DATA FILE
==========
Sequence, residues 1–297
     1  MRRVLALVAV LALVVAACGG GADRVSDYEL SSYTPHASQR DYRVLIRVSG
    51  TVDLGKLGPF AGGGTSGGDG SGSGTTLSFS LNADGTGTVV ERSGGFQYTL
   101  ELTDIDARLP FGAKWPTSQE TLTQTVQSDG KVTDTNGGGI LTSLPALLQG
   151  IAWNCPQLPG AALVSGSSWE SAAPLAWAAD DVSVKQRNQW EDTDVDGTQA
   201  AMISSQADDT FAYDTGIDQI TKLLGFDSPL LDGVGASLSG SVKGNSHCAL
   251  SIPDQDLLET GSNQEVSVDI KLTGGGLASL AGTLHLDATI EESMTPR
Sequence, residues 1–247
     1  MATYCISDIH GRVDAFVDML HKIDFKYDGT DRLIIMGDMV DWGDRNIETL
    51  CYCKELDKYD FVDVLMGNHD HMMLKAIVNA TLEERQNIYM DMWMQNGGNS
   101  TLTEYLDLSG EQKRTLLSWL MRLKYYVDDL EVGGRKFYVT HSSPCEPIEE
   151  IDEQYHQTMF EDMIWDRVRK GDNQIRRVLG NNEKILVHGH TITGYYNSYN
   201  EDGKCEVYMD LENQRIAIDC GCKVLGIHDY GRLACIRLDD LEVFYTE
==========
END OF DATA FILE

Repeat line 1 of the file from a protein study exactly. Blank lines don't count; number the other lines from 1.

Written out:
Sequence, residues 1–297